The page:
BOB BURLISON of Chester-le-Street has kindly shown us this Wood & Watson of Durham bottle which he has had for decades.

“My mother knew someone who lived at Gilesgate only a couple of yards from their pop factory, so I used to go for walks round there,” he says. “Wood & Watson produced a pop that was very common in the north of the county.”

The firm was started by Joseph Wood in Bedlington, who was a spirit merchant and mineral water manufacturer. In the 1890s, his son, William Henry Wood, in partnership with Watson, his brother-in-law, set up in Gilesgate.

Their factory backed on to the Pelaw Wood Dene, which drops towards the Wear, and for many years they tossed old bottles down there.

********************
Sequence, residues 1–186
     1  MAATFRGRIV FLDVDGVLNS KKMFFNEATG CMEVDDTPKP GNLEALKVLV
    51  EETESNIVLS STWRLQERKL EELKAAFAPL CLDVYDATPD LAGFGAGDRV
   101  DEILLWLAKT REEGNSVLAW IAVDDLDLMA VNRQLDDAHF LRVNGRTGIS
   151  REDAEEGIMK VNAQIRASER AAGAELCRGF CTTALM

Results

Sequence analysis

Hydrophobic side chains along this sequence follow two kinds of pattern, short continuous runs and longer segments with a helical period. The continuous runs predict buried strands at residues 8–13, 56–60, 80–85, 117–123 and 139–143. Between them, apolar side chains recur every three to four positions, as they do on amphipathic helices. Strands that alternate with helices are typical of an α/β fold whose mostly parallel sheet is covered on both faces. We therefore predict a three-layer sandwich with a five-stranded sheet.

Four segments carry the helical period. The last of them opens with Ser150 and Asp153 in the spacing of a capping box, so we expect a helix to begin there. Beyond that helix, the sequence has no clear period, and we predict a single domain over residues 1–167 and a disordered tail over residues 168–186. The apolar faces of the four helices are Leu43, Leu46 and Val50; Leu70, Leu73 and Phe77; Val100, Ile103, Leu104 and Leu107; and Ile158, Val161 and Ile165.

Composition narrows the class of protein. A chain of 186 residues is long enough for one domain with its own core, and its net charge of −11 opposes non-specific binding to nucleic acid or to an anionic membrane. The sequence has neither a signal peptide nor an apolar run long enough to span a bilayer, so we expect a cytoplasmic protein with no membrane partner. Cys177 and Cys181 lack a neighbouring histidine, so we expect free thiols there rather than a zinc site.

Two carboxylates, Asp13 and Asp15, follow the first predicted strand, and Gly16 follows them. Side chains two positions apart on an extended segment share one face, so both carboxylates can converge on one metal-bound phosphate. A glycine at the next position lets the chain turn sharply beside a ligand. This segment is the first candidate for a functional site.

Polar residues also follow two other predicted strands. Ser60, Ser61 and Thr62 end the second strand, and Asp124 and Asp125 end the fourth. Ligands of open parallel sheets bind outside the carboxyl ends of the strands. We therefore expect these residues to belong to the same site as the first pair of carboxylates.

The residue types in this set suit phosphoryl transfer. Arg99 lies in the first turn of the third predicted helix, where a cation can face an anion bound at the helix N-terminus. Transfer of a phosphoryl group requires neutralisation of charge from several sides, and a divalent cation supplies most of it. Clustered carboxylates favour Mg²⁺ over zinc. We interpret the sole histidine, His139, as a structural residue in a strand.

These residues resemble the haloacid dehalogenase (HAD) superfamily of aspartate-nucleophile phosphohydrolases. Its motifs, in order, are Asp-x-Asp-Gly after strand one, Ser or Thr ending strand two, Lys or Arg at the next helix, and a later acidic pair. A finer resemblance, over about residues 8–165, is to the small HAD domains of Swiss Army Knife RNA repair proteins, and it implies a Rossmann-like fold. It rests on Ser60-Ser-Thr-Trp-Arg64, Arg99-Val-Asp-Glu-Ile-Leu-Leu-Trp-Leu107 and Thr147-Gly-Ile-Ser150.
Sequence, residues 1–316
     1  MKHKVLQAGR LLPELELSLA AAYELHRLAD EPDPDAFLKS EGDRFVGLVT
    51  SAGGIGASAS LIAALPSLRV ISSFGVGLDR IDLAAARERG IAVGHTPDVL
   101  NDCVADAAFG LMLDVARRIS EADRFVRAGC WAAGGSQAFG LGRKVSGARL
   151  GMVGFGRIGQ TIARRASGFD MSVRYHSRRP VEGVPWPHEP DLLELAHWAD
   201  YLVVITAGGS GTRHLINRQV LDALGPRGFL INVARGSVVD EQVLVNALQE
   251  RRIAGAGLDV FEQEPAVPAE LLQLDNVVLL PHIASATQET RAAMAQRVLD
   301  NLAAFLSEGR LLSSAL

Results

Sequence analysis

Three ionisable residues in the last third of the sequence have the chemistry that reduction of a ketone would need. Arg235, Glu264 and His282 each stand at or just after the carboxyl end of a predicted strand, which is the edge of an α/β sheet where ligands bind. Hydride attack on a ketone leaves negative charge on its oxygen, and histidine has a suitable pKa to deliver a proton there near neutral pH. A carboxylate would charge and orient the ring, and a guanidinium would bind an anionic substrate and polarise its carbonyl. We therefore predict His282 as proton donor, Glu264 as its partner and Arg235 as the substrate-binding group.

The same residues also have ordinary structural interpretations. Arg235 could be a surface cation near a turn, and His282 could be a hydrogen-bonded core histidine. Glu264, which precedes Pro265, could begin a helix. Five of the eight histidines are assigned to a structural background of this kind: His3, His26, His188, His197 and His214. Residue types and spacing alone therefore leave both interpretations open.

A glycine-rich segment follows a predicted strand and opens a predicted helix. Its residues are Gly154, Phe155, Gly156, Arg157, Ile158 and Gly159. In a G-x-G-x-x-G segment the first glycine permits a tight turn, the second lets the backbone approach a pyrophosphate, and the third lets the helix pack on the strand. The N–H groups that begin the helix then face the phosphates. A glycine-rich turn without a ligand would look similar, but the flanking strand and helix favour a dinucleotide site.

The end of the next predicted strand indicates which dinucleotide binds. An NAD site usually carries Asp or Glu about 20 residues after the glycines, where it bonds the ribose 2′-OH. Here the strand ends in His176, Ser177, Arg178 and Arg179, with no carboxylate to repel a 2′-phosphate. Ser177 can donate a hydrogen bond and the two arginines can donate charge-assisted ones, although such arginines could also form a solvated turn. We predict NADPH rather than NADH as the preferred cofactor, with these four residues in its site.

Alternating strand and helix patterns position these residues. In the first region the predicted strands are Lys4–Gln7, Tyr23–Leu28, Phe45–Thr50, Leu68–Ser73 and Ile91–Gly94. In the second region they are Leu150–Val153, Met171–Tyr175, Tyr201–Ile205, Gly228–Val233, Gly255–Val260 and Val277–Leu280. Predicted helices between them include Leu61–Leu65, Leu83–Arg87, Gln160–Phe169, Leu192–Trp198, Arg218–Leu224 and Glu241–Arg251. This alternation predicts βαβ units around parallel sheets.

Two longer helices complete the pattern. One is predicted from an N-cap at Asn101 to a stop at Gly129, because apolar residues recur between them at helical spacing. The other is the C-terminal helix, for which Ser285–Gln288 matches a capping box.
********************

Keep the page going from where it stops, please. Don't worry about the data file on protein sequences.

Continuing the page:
As well as bottling beer, the factory produced all sorts of soft fizzy drinks like lemonade and cream soda, and, we think, a coca-cola-like drink called Wotcheor.

“Wotcheor” was once a popular greeting in the North-East. It was the Geordie version of the Cockneys’ “Wotcha”, meaning “what cheer?”, or, “How are you?”.

In the 1940s and 1950s there was a popular BBC programme on the wireless called “Wotcheor, Geordie” in which regional comedians appeared from Newcastle.

Wood & Watson must have adopted this for their pop.

The company was still going in 1996 when it sold its Gilesgate factory for housing – St Giles’ Close is now on its site.

We’d love to hear from anyone with anymore information about Wood & Watson or, indeed, anyone who still says “Wotcheor”. Please email